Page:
The Oil That’s Leftover

  1. According to the Tanchuma (Parshas Nasso 29), it is
    forbidden to make any use of the oil that is left over from the Chanukah
    candles because it was designated for a mitzvah. Therefore, it should be
    discarded by burning it separately. A person shouldn’t say “I am not going to
    fulfill the mitzvos of the Elders since they are not from the Torah.” G-d
    says to him, “My son, you are not permitted to say that. You should do
    everything they ordained…for I agree to all their decisions.”
  2. It is forbidden to derive benefit from the oil or the wicks
    of the Chanukah candles even if they went out after they had burned the full
    time required to fulfill the mitzvah. This prohibition applies not only to the
    one candle that is required to fulfill the mitzvah, but also to the additional
    candles we light as hidur mitzvah, for they, too, have been set apart
    to be used in the performance of the mitzvah.
  3. Oil that remains in the bottle is not prohibited even
    though the oil that was used in the menorah was taken from it.
  4. Oil that is left over from the Chanukah candles should not
    be saved to be used the following year. Since it is forbidden to derive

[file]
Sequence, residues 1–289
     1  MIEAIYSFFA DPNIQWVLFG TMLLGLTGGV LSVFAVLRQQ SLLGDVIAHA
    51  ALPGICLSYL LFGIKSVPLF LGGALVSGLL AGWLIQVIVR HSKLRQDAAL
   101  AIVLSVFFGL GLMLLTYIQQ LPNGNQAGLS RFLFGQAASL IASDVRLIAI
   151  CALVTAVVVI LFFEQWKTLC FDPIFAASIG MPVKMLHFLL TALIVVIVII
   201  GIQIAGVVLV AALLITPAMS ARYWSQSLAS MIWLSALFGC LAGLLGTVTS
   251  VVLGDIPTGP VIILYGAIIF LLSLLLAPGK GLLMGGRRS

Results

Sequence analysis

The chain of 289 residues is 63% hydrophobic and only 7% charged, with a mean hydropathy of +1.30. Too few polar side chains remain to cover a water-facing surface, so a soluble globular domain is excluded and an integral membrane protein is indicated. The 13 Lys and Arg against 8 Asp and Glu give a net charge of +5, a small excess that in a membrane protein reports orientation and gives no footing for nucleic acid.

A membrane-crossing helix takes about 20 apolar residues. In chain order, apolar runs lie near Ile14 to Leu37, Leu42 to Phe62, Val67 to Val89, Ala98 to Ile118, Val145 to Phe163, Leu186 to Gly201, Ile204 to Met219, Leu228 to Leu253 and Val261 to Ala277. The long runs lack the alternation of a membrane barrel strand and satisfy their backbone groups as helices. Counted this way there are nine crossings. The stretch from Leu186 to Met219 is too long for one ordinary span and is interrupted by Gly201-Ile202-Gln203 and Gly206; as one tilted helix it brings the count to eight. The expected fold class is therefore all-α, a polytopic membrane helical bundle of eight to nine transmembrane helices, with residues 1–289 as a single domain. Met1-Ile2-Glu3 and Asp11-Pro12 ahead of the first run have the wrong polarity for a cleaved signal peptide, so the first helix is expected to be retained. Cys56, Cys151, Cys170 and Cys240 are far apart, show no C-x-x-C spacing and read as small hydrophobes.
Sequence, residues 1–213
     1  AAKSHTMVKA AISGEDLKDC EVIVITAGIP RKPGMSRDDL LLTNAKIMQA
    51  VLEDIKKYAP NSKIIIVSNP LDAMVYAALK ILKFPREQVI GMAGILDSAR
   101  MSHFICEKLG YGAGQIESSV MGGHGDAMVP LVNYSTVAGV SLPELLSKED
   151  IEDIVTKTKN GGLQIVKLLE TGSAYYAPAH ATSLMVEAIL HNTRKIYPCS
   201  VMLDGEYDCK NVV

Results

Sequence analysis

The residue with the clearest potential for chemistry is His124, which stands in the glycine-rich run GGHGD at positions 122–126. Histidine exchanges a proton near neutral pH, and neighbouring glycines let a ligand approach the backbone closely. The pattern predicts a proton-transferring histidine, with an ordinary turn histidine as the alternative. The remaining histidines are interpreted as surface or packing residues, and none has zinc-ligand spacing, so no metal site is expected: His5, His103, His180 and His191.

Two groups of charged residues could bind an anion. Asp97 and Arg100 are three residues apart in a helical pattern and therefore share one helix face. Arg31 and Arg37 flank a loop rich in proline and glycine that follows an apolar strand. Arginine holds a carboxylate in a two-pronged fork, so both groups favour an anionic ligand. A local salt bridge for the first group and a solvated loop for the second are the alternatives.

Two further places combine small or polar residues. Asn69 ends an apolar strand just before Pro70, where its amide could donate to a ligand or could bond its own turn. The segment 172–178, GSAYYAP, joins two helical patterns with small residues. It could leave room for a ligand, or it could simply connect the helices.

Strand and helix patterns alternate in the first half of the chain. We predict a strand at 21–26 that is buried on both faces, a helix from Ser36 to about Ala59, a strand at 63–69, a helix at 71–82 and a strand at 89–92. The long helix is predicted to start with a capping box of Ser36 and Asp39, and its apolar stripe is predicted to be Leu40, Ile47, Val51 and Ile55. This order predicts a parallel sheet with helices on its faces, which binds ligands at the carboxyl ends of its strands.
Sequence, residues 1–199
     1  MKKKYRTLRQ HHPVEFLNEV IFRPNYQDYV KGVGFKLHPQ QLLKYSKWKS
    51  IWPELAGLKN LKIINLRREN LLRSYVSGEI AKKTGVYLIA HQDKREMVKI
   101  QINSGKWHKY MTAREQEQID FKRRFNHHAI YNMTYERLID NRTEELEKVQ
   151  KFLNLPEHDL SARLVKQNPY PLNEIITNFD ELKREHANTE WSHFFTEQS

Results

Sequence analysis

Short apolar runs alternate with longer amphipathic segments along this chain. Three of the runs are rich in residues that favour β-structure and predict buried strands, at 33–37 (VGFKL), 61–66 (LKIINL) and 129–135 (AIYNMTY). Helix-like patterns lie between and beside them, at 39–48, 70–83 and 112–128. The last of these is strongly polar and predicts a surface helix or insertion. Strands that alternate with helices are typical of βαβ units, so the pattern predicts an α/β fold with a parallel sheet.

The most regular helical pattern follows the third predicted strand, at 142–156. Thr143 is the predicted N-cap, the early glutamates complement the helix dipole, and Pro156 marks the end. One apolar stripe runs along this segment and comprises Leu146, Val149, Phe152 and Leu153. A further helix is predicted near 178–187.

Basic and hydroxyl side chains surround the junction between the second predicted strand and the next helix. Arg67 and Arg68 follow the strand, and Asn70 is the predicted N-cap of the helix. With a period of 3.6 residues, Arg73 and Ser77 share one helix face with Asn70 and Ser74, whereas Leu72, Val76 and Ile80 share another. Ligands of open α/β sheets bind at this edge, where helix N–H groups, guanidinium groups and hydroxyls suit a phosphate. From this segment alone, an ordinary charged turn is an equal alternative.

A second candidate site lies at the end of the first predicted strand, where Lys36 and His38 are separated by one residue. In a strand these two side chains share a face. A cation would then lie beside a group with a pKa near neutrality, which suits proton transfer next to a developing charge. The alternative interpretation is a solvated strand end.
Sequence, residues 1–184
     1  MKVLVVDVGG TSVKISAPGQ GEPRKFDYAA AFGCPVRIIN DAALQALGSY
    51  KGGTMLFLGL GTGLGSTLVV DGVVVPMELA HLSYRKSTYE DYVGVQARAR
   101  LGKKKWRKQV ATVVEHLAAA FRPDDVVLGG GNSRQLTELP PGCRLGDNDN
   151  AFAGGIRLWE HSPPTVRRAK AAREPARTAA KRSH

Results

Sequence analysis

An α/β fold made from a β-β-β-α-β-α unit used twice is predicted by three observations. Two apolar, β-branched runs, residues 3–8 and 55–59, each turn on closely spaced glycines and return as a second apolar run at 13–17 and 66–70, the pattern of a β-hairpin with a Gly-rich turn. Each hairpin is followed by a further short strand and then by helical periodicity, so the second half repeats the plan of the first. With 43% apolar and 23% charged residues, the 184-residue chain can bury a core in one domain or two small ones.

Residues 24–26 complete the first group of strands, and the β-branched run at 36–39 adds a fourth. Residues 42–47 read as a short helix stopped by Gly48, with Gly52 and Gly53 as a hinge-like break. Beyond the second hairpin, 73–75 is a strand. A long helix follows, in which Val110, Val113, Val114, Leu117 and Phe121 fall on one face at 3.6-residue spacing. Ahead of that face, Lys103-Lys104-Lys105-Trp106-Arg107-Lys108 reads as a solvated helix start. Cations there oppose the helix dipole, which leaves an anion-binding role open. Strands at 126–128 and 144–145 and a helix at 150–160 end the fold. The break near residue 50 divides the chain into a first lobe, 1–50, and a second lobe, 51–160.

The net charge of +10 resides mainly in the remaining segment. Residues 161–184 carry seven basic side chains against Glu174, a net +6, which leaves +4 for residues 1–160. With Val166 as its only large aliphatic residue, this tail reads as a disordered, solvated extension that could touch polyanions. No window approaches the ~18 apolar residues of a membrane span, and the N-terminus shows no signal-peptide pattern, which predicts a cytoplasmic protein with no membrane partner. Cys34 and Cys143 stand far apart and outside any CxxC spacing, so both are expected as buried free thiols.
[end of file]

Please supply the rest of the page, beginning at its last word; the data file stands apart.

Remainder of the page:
benefit from it, we are afraid that it will be used, if only accidentally.
    Even if it is stored in a container which is repellent, it may not be saved.
  5. Since we benefit from the light of Shabbos candles, they
    may not be lit from oil that is left over from Chanukah candles. For the same
    reason, it is forbidden to use oil that is Orlah for Shabbos candles.
  6. If oil that is left over from the Chanukah candles mixes
    with other oil, it may be used if there are sixty parts of the permitted oil
    against one part of the forbidden oil. If there are fewer than sixty parts of
    permitted oil, there is disagreement among the poskim whether it is permitted
    to add permitted oil to the mixture. In practice, the later poskim are
    machmir
    and prohibit it.
  7. It is important when burning the oil and wicks that are
    left over from the Chanukah candles not to touch them with a knife or fork,
    for they will absorb the prohibited oil. If that happens, they can be kashered
    by hagala (immersion in boiling water). Libun is not necessary.
  8. Oil that remains from Shabbos candles after they have gone
    out may be used for any purpose. When oil remains from a yahrtzeit
    candle after it has gone out we are careful not to use it. According to the
    book of the customs of the Jewish community of Worms (Rav Yuzpa Shamash part
    two, page 249), a wax candle that has once been lit in a synagogue may be lit
    only in a synagogue, for we enhance but do not diminish kedushah. The remains
    of a yahrtzeit candle may not be used for the same reason.